“In one of my first matches for the club, I ended up playing Dunfermline at East End Park in the Challenge Cup. It was so weird! Even just walking into the away changing room, it just didn’t feel right and to do it so soon after leaving the club, it was quite scary. Obviously a few fans didn’t like the idea that I was playing at East End Park with a Raith jersey on and they would have preferred me in a Dunfermline one, but, it was an experience that I took away with me; some supporters boo’d me off, some supporters clapped me at the end, but, that is what you expect as a rival player, especially when you are formerly of the other team. We got the job done that night, though. I was up against Geggsy [Andy Geggan] at right-back that night and I tormented him, which I still remember him about until this day!
To play against Rangers in a cup final, any cup final, is an exceptional experience. The Rangers fans came out in their numbers that day, they filled three-quarters of the stadium that day while Raith only had the one stand and they made it difficult for us as they had a lot of good players. Wee Airdy [Fraser Aird] was involved that day, I am sure, and so was Dean Shiels: Rangers were expected to win, even though they were the league below us that season and it was a tight, tight game but thankfully come extra-time Wee Bairdy [John Baird] popped up with the winner. To score the goal in that fashion, so late in the game, as well as being a Celtic man to beat Rangers, it was a day I will never forget and another brilliant experience. I cramped up as I put in a big shift that day and came off in extra-time. I was on the bench, hoping we got through to penalties, but, then we go the goal and I even managed to run half the length of the pitch to celebrate with the players in front of the Raith fans, that was just magnificent!”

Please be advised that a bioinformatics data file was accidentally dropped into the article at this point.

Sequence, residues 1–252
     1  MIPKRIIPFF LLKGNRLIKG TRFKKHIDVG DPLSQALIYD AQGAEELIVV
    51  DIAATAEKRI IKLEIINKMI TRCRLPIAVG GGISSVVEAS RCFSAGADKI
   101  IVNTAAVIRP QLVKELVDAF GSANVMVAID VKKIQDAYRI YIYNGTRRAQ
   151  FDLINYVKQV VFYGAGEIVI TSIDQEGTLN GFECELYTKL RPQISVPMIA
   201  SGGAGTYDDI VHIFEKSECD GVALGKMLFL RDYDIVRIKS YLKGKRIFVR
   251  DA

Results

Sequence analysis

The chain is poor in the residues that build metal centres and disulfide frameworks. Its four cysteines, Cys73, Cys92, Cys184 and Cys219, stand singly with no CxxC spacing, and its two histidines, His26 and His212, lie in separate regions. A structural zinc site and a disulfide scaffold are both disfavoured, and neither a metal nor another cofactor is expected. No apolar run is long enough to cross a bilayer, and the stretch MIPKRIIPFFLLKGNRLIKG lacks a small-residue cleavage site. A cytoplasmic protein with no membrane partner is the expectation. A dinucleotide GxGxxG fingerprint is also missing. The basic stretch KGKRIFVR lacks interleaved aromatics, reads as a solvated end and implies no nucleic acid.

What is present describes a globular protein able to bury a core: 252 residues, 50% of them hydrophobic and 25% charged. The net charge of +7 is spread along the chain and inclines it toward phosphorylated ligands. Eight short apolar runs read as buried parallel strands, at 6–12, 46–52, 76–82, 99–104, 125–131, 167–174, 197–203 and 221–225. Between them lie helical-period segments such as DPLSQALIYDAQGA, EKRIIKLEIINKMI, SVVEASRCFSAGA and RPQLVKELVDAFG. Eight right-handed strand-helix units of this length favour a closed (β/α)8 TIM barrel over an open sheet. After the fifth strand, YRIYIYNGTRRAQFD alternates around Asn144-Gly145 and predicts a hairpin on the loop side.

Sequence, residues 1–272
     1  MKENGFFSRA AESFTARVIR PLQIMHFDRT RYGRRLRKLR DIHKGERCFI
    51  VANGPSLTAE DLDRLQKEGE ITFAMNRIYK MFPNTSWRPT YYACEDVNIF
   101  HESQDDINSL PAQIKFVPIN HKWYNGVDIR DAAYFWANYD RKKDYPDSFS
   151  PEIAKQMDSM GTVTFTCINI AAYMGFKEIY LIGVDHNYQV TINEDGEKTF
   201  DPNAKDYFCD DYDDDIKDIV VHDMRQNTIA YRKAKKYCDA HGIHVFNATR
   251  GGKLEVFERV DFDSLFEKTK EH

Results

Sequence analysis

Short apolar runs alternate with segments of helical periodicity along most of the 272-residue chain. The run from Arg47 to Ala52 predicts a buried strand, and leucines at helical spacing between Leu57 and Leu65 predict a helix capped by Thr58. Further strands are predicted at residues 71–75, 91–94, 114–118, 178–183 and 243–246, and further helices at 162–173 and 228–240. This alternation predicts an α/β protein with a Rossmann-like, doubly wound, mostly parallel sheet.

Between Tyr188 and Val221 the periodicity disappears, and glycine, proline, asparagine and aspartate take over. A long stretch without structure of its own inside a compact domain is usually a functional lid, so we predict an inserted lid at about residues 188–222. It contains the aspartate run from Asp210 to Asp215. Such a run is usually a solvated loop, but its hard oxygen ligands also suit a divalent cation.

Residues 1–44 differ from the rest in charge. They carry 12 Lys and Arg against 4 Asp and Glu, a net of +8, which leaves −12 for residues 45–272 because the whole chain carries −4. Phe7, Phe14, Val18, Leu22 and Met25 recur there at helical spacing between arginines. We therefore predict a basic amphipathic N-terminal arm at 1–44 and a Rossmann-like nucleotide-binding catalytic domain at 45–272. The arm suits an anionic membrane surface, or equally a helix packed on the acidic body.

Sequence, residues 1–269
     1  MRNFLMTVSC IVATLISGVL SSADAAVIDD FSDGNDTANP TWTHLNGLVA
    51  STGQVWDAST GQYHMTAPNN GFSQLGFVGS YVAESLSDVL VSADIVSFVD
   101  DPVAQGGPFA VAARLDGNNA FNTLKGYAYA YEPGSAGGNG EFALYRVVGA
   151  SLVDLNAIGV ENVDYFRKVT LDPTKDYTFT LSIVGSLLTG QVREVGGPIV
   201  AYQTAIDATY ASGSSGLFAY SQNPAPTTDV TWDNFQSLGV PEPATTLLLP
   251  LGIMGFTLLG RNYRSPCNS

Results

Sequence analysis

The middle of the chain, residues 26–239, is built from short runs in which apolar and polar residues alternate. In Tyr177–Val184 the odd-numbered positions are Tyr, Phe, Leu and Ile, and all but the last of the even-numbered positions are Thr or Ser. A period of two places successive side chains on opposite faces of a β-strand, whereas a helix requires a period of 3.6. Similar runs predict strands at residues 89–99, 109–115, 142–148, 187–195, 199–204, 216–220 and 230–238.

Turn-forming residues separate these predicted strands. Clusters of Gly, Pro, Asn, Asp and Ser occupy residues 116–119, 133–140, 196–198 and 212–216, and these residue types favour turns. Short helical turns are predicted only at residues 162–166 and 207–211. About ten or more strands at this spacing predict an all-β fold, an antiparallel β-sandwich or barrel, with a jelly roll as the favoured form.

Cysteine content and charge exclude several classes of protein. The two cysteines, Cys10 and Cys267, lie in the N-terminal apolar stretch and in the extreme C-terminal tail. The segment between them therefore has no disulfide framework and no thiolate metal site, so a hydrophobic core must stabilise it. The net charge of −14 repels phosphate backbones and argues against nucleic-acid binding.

Cardle moved back into the Premiership with Ross County but he was only in Dingwall for a short stint before returning to East End Park.
“It was a very frustrating spell for me. I just fancied a change – and the lure of going back into the top-tier too. I felt I had a good season with Raith and had proven myself in the Championship. I started the season and it was good, but, then I started to be in and out of the team and that made it more frustrating. I was so far away from home and we never settled there as a family: you feel a million miles away when you are up there, especially when you aren’t playing. I just had to look forward to the next season and make sure when I made my next move, I was going to be playing. It was almost like a calling, for me, to move back to Dunfermline. Even though it was a couple of leagues lower down, I needed to get back to enjoying my football again.